West Ham have reaffirmed their commitment to making the Olympic Stadium their new home despite the drawn-out bidding process.
In a statement to The Press Association, West Ham said: "It is now 20 months since West Ham United were initially named as the preferred bidder to occupy the Olympic Stadium post-Games. We are obviously disappointed, that three bids later, a decision has yet to be reached.
"We do however remain fully committed to becoming the catalyst to galvanise the Olympic Park by bringing people, jobs and a robust and sustainable commercial offer that guarantees a return to the taxpayer of the money already invested."
The applications to take over the Olympic Stadium after the London Games had to be restarted last year after legal challenges from both Tottenham and neighbours Leyton Orient to West Ham's proposed tenancy. Nevertheless, the Hammers want to become main tenants at the Stratford site for the start of the 2014-15 season.
However, a report on the Guardian's website claims the Barclays Premier League club remain at loggerheads with the London Legacy Development Corporation (LLDC) over changes which would need to be made to the stadium such as retractable seating - and crucially who would fund them at a cost of around £160million.
LLDC chief executive Dennis Hone indicated should a decision not be reached by the next board meeting later this month, then the matter could be pushed back towards the end of the year - which would potentially be of concern for meeting West Ham's transition timetable.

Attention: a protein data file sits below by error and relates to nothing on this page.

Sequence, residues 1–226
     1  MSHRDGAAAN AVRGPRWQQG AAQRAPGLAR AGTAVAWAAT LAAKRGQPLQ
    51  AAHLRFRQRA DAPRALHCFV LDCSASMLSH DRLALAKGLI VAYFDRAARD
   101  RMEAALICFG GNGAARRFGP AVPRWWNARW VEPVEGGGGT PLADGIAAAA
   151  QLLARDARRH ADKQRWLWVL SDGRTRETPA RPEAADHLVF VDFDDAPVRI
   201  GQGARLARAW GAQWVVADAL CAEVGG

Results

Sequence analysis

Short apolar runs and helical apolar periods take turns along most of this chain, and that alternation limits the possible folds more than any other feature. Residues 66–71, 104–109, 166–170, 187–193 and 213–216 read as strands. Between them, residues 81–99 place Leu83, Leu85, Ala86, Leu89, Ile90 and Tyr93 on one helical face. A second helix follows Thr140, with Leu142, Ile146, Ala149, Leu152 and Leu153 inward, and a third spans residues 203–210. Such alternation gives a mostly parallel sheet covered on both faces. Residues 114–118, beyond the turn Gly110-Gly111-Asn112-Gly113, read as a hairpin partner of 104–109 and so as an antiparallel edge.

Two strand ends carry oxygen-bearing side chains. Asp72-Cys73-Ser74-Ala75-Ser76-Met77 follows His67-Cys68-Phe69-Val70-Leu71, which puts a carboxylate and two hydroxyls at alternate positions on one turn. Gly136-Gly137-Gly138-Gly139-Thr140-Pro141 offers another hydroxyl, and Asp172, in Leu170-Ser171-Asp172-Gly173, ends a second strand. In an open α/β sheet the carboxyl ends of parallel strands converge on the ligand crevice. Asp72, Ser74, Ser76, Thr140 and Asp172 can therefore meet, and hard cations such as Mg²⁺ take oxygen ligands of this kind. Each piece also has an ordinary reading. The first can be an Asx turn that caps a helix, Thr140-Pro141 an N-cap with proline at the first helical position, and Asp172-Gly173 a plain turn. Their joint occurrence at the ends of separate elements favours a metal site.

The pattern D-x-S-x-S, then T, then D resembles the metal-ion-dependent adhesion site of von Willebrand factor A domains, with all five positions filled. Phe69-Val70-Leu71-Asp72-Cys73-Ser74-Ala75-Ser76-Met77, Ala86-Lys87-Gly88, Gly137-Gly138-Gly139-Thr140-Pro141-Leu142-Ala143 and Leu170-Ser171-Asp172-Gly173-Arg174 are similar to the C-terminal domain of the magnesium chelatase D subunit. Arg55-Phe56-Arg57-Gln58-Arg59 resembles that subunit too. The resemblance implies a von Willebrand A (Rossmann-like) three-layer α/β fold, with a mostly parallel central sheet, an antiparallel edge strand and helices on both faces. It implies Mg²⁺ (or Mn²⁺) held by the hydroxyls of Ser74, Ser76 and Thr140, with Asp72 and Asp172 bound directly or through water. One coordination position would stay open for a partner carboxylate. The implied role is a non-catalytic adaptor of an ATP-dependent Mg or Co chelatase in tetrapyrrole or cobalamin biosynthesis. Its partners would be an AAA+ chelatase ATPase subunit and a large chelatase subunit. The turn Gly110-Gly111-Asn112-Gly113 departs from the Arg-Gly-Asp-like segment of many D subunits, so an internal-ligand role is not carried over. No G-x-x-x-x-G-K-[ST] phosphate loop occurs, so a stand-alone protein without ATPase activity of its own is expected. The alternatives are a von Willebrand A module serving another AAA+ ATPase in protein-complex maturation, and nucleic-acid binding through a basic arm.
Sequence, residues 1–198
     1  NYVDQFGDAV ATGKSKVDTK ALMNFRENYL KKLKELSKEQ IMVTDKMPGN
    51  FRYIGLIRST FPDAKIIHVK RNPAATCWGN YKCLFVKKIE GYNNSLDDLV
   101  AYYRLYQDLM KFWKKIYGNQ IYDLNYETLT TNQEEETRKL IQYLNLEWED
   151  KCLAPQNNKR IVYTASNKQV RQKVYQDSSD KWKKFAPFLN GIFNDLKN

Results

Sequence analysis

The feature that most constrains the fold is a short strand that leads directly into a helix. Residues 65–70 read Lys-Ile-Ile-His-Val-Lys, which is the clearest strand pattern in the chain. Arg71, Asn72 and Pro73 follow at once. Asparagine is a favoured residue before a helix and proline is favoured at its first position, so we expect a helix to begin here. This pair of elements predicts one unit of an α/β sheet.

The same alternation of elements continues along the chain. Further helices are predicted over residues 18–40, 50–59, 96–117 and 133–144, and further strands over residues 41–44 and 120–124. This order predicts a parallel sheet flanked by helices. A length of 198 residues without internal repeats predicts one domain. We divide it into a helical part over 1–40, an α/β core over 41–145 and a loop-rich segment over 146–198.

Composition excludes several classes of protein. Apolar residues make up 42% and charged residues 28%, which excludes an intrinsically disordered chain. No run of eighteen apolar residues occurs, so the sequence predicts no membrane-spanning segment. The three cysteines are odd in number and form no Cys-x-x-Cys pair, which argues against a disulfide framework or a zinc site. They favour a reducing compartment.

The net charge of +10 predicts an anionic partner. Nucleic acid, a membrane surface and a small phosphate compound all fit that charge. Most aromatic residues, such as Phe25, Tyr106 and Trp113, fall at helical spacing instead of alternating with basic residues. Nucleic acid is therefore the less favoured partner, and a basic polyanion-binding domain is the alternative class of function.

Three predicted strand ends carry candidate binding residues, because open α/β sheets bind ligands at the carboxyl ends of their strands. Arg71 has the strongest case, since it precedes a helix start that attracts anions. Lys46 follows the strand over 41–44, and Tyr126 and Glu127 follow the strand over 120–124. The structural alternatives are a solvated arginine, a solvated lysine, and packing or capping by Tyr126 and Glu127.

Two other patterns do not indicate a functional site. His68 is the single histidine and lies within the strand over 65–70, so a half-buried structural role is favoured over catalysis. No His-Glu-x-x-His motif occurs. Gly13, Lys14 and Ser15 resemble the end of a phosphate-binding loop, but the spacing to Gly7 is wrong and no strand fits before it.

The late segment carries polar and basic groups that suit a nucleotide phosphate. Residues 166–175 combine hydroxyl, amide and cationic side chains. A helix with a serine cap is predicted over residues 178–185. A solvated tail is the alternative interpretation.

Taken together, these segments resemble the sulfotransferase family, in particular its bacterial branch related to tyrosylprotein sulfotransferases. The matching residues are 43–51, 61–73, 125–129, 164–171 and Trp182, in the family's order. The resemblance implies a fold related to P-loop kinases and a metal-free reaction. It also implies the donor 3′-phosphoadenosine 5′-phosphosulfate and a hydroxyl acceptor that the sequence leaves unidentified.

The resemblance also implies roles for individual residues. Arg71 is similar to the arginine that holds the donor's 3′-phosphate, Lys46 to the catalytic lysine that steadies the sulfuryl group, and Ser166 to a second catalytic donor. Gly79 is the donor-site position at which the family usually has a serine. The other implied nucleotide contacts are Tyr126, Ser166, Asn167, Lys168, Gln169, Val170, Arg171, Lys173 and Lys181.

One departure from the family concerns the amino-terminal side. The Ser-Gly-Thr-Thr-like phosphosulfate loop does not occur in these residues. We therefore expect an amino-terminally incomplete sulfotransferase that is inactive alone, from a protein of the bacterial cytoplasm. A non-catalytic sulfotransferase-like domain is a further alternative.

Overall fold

Other bids are under consideration, including one from Orient, a football business college as well as a group wanting to host a Formula One race at the Olympic Park.
The £486million Olympic Stadium has already been earmarked for 20 athletics meetings, which include the World Championships in 2017, and will also be available for community use, with Newham Council contributing some £40million in a loan towards the redevelopment project.
"If we can't come to a conclusion, in the scheme of things if it slips another month or two I would rather get the right solution," Hone said. "Yes, the stadium is tricky, but it's tricky because we want to get it right."
Hone added on The Guardian website: "The difficulty is that we are balancing the adaptations we have to make to the stadium against the proposals that have come in and the benefits - financial and otherwise - that those proposals bring."